The Moab City Council held a public meeting over Zoom for residents to comment on Proposition 8 on Sept. 22. The proposed sales tax will appear on the general election ballot on Nov. 3.
Moabites spoke both for and against the proposed RAP (Recreation, Arts, and Parks) Tax, which would help fund local arts and recreation as local municipalities are already operating under a budget shortfall coming into the 2020.
As the COVID-19 pandemic has exacerbated the lack of funding for community programs, City Manager Joel Linares said that the RAP Tax would be a way for the city to secure more funding, mostly from visitors, to fund local programming and services.
The RAP Tax would add a 0.1% sales tax, or one cent for every $10 spent, on sales and uses within Moab — hotels, nightly rentals, restaurants, shops, and other businesses — to fund a broad list of recreational, cultural, arts or zoological facilities provided by the city.
“Municipalities across Utah are being urged by the State to explore alternate funding sources, and this is one that would appear to impact visitors far more than locals,” the Moab City Council said in a statement.
The tax would increase Moab’s sales tax rate from 8.75% to 8.85%, though groceries and gas would not be taxed.
The City of Moab has funded the Moab Aquatic and Fitness Center, youth sports programs, the Moab Arts and Recreation Center and other programs out of the city’s general fund, at a cost of approximately $1 million each year with the majority of the funding going towards the MRAC. The RAP Tax would lessen the financial burden on the City for providing these cultural and recreational amenities. The tax is expected to generate between $300,000 and $400,000 per year.
“It’s a good deal,” said Linares, who mentioned that City of Moab staff have been developing Proposition 8 since November of last year.
A property tax had been considered, but according to staff sales tax was chosen as it will impact Moab residents less. 2019 tax revenue documents show that the majority of all purchases in Moab — at least 79% — are made by consumers who do not live in the city, meaning that most RAP Tax revenue would come from tourist spending.
At the meeting, Mayor Emily Niehaus read a statement that will be printed on the voter information pamphlet at the polls.
“Parks, recreation, and arts are valued and cherished aspects of the daily lives of Moab citizens,” the statement reads. “Each provides opportunities for children, individuals, families and seniors to build relationships and community as well as spur creativity, health and wellbeing.”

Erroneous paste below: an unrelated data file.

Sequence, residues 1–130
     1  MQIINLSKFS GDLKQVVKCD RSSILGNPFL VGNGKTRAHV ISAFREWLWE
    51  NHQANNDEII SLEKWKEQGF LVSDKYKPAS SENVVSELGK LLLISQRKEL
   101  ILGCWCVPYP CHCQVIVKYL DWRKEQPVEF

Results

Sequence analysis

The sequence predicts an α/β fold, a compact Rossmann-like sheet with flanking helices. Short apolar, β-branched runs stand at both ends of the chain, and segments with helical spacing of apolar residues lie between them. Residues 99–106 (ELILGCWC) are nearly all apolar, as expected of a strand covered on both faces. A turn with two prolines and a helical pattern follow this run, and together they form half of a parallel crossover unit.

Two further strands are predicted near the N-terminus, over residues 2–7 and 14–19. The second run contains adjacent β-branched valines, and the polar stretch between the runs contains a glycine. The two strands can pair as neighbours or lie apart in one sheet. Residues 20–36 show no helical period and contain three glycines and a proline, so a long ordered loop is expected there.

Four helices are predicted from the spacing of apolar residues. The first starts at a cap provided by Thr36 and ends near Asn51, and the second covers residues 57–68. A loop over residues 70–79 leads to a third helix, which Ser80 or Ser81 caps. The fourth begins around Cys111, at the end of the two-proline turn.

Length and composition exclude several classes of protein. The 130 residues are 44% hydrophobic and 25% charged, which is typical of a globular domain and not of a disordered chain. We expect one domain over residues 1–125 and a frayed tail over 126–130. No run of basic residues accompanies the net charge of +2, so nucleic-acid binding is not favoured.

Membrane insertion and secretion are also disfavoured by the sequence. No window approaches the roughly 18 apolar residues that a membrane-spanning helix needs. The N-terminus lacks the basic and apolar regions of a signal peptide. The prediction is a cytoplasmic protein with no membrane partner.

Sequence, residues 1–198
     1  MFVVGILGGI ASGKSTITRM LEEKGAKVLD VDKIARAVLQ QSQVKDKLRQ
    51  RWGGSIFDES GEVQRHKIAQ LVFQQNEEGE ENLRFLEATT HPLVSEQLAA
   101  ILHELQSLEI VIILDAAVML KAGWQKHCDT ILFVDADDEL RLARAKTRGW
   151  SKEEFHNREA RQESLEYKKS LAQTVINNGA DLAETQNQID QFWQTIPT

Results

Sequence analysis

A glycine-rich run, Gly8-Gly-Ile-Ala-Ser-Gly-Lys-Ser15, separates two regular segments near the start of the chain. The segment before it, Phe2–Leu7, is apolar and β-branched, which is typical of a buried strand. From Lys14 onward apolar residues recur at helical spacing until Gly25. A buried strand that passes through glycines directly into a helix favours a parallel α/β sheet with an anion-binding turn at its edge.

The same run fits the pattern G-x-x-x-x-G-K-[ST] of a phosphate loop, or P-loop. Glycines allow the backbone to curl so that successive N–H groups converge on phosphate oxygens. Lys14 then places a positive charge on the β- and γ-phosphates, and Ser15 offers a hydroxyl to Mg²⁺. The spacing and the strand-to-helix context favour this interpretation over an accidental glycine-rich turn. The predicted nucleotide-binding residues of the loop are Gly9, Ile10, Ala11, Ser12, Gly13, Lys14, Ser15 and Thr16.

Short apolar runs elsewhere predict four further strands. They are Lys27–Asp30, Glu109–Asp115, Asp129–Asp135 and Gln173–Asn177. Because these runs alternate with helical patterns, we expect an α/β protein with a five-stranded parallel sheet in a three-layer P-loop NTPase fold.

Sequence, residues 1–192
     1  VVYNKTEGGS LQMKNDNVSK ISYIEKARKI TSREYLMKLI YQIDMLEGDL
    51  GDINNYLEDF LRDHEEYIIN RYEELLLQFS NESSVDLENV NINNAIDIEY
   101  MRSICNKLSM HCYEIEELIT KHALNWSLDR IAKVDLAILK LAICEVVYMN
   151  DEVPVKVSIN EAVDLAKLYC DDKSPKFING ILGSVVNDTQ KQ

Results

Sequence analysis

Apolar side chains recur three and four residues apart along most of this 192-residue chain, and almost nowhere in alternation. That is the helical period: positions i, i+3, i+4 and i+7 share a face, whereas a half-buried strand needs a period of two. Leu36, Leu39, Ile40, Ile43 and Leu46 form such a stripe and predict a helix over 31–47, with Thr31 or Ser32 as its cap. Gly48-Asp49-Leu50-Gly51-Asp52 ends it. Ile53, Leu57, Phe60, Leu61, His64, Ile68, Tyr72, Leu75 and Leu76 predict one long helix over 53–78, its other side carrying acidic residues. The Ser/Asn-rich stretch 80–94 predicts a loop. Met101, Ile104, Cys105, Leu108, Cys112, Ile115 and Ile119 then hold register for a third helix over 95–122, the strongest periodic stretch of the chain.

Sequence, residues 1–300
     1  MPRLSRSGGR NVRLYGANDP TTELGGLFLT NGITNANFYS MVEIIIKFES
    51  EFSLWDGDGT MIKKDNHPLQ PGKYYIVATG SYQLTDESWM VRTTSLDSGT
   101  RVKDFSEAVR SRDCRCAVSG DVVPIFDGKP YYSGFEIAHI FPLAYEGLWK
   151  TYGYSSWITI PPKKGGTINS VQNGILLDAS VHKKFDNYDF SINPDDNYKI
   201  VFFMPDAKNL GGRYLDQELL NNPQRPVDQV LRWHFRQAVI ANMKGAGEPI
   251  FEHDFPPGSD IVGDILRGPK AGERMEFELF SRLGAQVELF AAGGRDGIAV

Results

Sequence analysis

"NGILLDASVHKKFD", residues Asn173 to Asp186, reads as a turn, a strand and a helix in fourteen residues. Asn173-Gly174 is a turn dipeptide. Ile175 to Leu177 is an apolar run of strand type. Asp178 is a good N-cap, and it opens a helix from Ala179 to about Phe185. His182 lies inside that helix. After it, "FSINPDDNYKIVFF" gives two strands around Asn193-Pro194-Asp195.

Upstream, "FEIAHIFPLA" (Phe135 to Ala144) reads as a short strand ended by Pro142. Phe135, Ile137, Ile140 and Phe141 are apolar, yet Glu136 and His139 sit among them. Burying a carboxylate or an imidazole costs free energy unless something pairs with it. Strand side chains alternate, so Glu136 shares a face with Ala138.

During public comment, many Moab residents spoke of their use of public amenities and in support of the tax to support them.
“I have been an advocate of this tax as a private citizen and as an arts advocate for over 15 years,” said Theresa King. “I’m thrilled that the City Council has taken the active stance to do this.”
Cassie Paup, who lives outside of Moab city limits, highlighted how the RAP Tax would benefit local sports and culture.
“In the next ten years, we could build a legacy for arts and culture, for our parks and for our Rec department — wouldn’t that be something to look back on and be proud of?” Paup asked.
Niehaus also read eight written public statements submitted to the council. Many wrote in favor of Proposition 8, lauding the tax’s light burden on locals and potential for upgrading Moab’s recreational amenities.
“Tourists take a great deal from this community and its resources,” wrote Jenifer Evers. “There should absolutely be a cost for that & it should be paid for by those degrading it most.”
Serah Mead agreed, stating that Moab “is more than extraction (both by tourists and oil and gas industries) and development and I see this tax as a gesture of acknowledgment of that fact, along with direct action to support it.”
“It is important for us as a community to support our youth programming and city facilities,” Moab Arts and Recreation Center Director Liz Holland submitted. “I enjoy having a gym to play co-ed volleyball, taking my kids to the swimming pool, attending community events and all the amazing programs that Proposition 8 would support.”
Sara Melnicoff, the founder of local nonprofit Moab Solutions, voiced her disapproval of Proposition 8 after recent controversy about the construction of the Robin Groff Memorial Park along Mill Creek Parkway.
“I have lost all faith completely in this council’s ability to properly spend money based on the heart-wrenching and horrific desecration of the parkway against the will of many in the community,” said Melnicoff. “I will remain opposed until there’s some way for me to be assured that these funds aren’t going to be used to create more horrific damage to the land or parkway.”
Others expressed suspicions that Proposition 8 would be an additional cost to locals that might not bring about concrete change.
“Funds raised from yet another tax will benefit a very small number of Moab residents for things we will never use,” wrote Sandra Hultgren. “Too many of us are already being priced out of living here.”
“Moab needs to start handling its budget and planning process better before asking for or carelessly spending funds,” said Jennifer Wenzel.
Another community member, Marc Thomas, wrote in favor of the tax with the condition that an advisory board be established for the public to weigh in on the distribution of RAP Tax revenue.
“With input from this board and the general public at council meetings, I feel this is an effective way to help fund the city's cultural & recreational amenities,” Thomas’s comment read.
Councilmember Tawny Knuteson-Boyd voiced her agreement with Thomas, supporting an advisory committee to “see input from the community.”
Several communities in Utah already impose a RAP tax, including Salt Lake, Weber and Summit counties as well as the towns of Blanding, Orem, Duchesne and Monticello.